A few more books from Carl V. Anderson‘s gift + two acquisitions of my own. Including my first Spider Robinson novel, an unknown post-apocalyptical quantity via Howard Beck, and more pulp by Brian N. Ball—not going to lie, Singularity Station (1973) was fun!
I now own a nearly complete Barry N. Malzberg collection of his SF solo works (i.e. no co-written novels with Bill Pronzini). What I am missing: his first two novels which are more speculative rather than SF, Oracle of a Thousand Hands (1968), Screen (1968), his SF novel Scop (1976), his movie novelization Phase IV (1973) which I have held off buying despite seeing it for cheap in used stores, and his non-SF novel Underlay (1974). I have all his collections of short fiction pre-1994 other than Final War and Other Fantasies (1969), The Best of Barry N. Malzberg (1976), and Down Here in Dream Quarter (1976).
Thus, I own a grand total of 28 Malzberg novels and collections!
1. Overlay, Barry N. Malzberg (1972)
(Ray Feibush’s cover for the 1975 edition)
From the back cover of an earlier edition: “Loser. Earth was a planet of incompetents, but Simmons was the greatest loser of all. It seemed as though the powers of the universe were concentrated on grinding his small soul into the ultimate insignificance… until the aliens came. To them, Simmons was the most important human on the planet—for only through him could they overcome this world.”
2. Timepiece, Brian N. Ball (1968)
(Mort Engle’s cover for the 1970 edition)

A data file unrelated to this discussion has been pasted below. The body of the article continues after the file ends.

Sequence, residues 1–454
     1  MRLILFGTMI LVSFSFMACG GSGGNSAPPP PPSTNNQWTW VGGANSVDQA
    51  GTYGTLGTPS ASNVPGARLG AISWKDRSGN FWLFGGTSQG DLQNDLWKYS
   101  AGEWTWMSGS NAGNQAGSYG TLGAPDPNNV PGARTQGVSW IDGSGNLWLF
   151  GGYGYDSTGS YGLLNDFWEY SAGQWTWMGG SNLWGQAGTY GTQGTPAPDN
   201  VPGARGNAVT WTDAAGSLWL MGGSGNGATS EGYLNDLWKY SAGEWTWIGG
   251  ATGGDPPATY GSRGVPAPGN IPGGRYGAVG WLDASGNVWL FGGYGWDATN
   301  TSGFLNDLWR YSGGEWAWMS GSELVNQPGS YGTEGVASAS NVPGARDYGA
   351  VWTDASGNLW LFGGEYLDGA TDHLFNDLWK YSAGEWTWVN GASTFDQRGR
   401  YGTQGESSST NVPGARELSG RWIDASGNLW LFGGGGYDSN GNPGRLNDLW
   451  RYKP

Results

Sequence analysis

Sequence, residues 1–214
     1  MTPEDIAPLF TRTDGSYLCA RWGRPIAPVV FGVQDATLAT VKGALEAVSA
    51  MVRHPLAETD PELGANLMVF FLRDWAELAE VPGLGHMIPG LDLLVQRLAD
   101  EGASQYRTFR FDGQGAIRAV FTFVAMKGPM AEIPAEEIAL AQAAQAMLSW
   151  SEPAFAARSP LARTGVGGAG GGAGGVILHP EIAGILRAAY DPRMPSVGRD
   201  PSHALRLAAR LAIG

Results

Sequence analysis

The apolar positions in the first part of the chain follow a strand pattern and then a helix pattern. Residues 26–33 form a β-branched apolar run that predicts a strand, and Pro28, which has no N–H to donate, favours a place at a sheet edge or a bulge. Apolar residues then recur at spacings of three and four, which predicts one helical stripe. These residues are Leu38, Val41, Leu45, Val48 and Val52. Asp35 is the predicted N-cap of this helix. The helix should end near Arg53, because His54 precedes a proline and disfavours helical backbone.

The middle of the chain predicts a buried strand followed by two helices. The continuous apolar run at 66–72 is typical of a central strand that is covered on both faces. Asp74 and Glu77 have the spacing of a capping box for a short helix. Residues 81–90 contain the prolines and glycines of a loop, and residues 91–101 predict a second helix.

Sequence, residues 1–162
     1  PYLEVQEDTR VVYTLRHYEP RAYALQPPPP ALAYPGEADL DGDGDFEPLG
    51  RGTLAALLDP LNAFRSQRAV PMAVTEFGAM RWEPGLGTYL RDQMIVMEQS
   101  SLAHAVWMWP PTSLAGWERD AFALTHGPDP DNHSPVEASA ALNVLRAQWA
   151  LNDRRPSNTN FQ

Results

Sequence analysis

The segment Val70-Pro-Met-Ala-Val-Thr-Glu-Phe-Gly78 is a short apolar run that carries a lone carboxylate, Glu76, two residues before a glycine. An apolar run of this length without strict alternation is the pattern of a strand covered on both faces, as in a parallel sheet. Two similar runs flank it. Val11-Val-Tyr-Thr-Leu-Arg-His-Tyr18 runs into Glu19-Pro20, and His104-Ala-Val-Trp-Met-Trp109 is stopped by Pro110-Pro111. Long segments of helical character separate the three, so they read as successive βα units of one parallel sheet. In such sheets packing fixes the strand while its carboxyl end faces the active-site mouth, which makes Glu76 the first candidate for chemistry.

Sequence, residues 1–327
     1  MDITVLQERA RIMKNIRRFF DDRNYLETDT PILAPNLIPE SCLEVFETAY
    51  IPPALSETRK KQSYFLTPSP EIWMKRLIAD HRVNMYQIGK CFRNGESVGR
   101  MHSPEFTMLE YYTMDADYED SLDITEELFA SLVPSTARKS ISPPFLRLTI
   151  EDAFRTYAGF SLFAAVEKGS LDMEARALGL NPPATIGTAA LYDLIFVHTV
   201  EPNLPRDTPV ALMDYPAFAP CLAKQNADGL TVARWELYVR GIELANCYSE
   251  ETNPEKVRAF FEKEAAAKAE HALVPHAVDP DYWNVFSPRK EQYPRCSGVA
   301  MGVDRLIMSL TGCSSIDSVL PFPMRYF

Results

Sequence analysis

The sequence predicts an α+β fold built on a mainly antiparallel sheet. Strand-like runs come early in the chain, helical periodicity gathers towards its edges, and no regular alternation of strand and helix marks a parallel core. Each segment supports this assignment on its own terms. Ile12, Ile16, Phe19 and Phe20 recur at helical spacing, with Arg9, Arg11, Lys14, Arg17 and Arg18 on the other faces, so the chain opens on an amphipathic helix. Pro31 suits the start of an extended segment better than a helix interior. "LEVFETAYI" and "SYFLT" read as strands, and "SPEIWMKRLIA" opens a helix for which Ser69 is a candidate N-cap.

From the inside page: “‘Jordan Delvaney!’ The call to action: somewhat a disaster, a cataclysmic monkeywrench smashed into the delicate re-creation of reality that was the twenty-ninth century form of leisure activity.
Someone had twisted one of the carefully arranged Plots that were the set-pieces known as The Frames. But this time, correcting the chaos of riot and murder that could result from such deviations was the only the beginning of Del’s troubles. This time, cause and effect led inevitably to an ancient intergalactic ship, to the eerie plunge into hyperspace in search of a chunk of writhing time somehow poised in thermodynamic equilibrium in its own strange universe—this time he had to find Time itself.”
3. The Sun Grows Cold, Howard Berk (1971)
(Uncredited cover for the 1972 edition)
From the back cover: “The time: The near future. The place: America. Across the devastated landscape of what once was the richest country on earth, a man and woman are running for their lives. Their enemy: the government of the United States, which has become a monstrously powerful agency for the control of every human body—and every human mind…”
4. Telempath, Spider Robinson (1976)
(Uncredited (any ideas?) cover for the 1977 edition)
From the back cover: “The Windriders. Spawned in earth’s long childhood of fire and stone, they were older than life itself. They flourished in the stinking hell man called “civilization”—until that shattered and was gone. Only then did they try to make contact, searching among the scattered bands of humankind for the telempath. When they found him, he was missing an arm and had just murdered his father.”